New Castle News

May 19, 2012

Judge rules Jordan Brown must go to a juvenile facility in Kenzie Houk slaying

Nancy Lowry
New Castle News

NEW CASTLE — After 1,173 days in an Erie holding facility, Jordan Brown is headed to a juvenile facility for counseling and treatment.

Lawrence County Judge John W. Hodge made that decision regarding the 14-year-old yesterday. Because his case is now in the juvenile justice system, the disposition hearing — the equivalent of a sentencing — was closed and the boy’s placement will not be made public.

Under juvenile law, children found to be delinquent — the equivalent of guilty — are ordered to treatment rather than jail time. Jordan’s case will be reviewed every six months. He could be recommended for release when he has satisfactorily completed his treatment plan or he could remain in custody until his 21st birthday — Aug. 30, 2018.

Last month, after three days of testimony, Hodge ruled Jordan to be responsible for the death of his father’s fiancée, Kenzie Marie Houk, 26.

Houk, who was eight months pregnant, and her unborn son died after she was shot in the head on Feb. 20, 2009, in the New Beaver farmhouse she shared with Jordan, his father, Chris Brown, and her daughters, Jenessa and Adalynn.

Jordan was 11 years old at the time.


Defense attorneys Dennis Elisco and Stephen Colafella said yesterday they will appeal the conviction. They will request an outright acquittal or a new trial.

“We don’t believe that the prosecution presented sufficient evidence to convict him,” Elisco said.

Within 30 days, he said, the defense team will notify the Lawrence County prothonotary’s office and court records will be sent to the Pennsylvania Superior Court. Within 10 days of that, Elisco said, the superior court will notify him by letter to determine if the appeal will be by brief, by a five-minute argument, or by a full 15 minutes before the court.

“Due to the nature of the case, we will want the full 15 minutes,” Elisco said, adding he anticipates arguing the case in early January.

As for Jordan, Elisco said he is holding up. “He’s depressed and anxious. This is a lot for him to grasp. But he trusts us.”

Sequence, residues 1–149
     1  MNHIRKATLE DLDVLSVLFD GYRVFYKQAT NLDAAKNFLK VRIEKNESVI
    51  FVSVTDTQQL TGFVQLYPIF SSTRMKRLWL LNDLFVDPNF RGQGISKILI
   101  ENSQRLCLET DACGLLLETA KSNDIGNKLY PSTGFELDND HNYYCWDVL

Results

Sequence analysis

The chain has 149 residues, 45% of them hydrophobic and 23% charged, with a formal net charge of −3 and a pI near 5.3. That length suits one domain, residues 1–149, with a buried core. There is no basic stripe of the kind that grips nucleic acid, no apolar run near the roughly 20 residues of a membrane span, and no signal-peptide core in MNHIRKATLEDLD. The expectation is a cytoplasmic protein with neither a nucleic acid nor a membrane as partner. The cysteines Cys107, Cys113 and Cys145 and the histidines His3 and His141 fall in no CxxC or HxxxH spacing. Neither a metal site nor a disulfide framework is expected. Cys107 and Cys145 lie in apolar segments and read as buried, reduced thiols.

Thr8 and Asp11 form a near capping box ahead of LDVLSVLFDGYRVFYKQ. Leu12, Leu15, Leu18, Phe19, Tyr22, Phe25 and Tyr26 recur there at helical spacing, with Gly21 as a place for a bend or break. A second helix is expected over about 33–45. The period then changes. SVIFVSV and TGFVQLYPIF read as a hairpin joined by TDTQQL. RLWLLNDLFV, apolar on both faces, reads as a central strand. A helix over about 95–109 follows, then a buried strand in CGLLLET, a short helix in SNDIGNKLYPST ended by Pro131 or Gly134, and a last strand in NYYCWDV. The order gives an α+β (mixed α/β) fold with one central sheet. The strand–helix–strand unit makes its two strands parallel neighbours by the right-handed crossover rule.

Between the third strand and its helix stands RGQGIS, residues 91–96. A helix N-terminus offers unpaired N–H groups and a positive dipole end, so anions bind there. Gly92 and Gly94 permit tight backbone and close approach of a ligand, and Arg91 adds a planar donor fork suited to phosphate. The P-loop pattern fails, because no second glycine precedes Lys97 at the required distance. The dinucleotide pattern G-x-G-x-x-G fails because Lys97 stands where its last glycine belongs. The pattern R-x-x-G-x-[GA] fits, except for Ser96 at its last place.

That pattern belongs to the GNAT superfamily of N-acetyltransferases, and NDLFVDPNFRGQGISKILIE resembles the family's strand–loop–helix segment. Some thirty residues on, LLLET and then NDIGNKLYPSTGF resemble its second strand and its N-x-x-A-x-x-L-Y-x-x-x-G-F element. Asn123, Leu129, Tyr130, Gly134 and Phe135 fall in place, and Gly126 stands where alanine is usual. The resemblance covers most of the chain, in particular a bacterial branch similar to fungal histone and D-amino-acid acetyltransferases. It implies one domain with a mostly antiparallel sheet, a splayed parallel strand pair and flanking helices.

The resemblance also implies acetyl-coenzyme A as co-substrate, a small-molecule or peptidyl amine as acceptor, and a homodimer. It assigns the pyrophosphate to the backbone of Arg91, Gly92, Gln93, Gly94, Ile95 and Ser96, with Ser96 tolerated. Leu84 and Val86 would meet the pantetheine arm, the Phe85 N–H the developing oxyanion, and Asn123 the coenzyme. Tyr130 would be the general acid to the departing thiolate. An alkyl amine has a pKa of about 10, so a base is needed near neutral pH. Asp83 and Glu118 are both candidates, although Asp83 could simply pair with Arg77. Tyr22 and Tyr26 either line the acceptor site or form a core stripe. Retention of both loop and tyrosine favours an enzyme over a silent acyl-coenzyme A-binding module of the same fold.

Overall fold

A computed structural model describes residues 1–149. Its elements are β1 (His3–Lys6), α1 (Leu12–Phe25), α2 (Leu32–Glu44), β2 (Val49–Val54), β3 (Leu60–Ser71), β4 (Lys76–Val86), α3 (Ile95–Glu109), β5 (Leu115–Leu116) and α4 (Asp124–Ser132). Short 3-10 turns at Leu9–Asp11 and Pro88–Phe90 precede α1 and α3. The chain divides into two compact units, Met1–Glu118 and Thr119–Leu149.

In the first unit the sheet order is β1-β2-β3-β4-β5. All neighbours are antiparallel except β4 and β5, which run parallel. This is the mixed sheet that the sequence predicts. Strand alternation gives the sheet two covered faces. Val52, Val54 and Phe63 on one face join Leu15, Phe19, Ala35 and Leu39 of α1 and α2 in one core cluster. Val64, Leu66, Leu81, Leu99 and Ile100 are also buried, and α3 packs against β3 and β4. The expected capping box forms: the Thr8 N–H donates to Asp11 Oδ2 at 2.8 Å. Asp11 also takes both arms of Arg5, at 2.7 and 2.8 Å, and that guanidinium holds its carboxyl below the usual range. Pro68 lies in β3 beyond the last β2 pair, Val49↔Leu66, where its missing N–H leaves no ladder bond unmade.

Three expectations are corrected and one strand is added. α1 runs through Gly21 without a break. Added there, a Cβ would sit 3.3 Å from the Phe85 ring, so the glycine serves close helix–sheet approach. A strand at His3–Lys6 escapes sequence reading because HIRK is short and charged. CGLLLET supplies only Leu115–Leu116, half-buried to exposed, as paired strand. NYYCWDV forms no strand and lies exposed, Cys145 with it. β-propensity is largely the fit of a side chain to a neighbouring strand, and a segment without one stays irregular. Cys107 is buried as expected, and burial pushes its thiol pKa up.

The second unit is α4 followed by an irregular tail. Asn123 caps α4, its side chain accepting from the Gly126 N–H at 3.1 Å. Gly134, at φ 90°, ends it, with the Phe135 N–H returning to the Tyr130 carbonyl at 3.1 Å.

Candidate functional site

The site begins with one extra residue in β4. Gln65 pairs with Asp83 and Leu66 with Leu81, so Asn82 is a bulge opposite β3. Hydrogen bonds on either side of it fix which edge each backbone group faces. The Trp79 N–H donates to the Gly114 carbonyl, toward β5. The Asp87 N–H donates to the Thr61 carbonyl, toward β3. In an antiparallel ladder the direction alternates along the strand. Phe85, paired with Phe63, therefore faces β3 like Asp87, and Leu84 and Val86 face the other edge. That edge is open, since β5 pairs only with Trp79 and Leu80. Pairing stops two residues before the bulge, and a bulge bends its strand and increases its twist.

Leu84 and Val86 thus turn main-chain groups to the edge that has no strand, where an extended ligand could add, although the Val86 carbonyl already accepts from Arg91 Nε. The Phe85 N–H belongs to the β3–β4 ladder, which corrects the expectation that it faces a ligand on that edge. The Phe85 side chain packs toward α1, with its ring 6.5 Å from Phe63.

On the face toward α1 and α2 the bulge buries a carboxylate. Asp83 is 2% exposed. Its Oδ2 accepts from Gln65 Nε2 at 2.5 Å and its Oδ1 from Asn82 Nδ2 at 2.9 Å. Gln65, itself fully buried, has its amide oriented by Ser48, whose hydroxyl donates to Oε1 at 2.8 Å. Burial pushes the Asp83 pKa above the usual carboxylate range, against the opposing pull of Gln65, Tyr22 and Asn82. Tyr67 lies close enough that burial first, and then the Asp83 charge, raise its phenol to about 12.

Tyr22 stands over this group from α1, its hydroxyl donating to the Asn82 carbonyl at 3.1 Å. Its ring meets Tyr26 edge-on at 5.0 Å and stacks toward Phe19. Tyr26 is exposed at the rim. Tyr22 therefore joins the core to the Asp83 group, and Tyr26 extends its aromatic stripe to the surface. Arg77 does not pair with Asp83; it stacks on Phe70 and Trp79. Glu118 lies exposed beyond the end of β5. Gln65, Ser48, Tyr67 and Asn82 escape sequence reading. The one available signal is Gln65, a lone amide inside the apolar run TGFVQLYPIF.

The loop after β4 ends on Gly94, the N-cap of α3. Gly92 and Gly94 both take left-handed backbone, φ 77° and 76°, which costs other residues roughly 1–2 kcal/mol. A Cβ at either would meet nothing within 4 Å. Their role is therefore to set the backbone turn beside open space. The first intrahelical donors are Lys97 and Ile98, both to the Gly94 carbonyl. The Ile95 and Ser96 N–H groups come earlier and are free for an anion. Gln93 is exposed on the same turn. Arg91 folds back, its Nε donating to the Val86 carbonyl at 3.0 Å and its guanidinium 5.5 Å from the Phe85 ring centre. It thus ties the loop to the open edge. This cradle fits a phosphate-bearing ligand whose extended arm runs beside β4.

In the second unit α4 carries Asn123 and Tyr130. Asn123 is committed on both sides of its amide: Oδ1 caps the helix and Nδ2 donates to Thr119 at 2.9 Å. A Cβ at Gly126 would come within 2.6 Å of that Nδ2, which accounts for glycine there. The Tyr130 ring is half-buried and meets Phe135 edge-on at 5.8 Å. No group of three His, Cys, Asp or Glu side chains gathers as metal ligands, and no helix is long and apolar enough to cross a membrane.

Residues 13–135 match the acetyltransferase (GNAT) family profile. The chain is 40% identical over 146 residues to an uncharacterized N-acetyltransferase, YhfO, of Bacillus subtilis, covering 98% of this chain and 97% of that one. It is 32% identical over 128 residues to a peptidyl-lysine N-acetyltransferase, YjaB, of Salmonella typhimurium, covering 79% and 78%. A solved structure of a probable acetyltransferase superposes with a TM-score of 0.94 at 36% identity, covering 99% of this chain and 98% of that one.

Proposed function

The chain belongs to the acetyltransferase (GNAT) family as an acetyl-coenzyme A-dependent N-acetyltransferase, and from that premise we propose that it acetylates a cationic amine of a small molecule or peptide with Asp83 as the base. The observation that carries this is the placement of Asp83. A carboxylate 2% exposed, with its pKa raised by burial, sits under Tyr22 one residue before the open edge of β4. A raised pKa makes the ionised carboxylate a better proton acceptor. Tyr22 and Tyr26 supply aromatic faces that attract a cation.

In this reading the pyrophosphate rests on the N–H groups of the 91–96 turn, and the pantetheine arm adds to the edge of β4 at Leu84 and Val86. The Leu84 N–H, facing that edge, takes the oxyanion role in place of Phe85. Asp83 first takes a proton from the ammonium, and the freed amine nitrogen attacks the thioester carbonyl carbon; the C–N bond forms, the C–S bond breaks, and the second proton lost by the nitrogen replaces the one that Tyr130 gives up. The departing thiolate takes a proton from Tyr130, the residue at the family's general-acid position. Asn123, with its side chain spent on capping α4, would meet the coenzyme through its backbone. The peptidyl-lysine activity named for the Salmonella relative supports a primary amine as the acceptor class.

Prosecutor Anthony Krastek, senior deputy attorney general, said Hodge selected Jordan’s treatment program following the recommendation of Lawrence County Juvenile Probation Department officials who had reviewed available programs.

Krastek said he is not allowed to say where Jordan is going, but expects he will be transferred soon.

“He will now be getting help.”

Noting the prosecution had offered that option when he took over in January 2010, Krastek said, “That is what makes this such a tragedy. It’s been a long process.”

Krastek said the prosecution has pushed “to meet the best interests of the child and get (Jordan) into treatment. That has always been offered ... but it was rejected.”


During the hearing, Houk’s mother, Debbie Houk, and sister, Jennifer Kraner, spoke. Her father, Jack Houk, did not.

Debbie Houk — crying and clinging to a friend as she left the courthouse — was too emotional to discuss her statement. “I told him what we lost,” was all she could say.

Jack Houk noted family members were told not to discuss the proceedings, but told reporters, “My wife cries every day and never misses a day at the cemetery.”

His family “did not cut Jordan down, like they thought we would. We said what we lost and want him to know.”

He said he is glad Jordan will receive help, adding two representatives of the facility where the boy was assigned addressed the judge.

However, Houk said, he would have preferred for the case to have remained in criminal court.

“Then he would have been tried and, if found guilty, would have spent the rest of his life in jail. I don’t believe that five or six years will be enough time for this young man — enough to help him.

“They said only two out of 10 don’t succeed. They said most come out with an education — they get married, have kids and a good life. But they can only keep him until he’s 21. Right now, I doubt that he’ll leave before that.”

Houk also said he would have liked to hear Jordan admit what he had done.

“We’re raising Kenzie’s girls,” he said, “If not for them, (life) would be harder.”

He added his younger granddaughter, now 7, also wrote a letter to Hodge, but it was not read in court.

“Our life has been a nightmare,” Kraner said. “The family has suffered and (this) has changed our lives. We pray that he will get help.”

Kraner said she addressed her remarks to Jordan. “I asked, ‘How could you do what you did? What were you thinking?’ ” she said, adding, “All joy has gone from the family.”

She said Jordan remained expressionless and offered no statement.

“Now we cry a lot, the situation is horrible,” she said. “Two lives were lost.”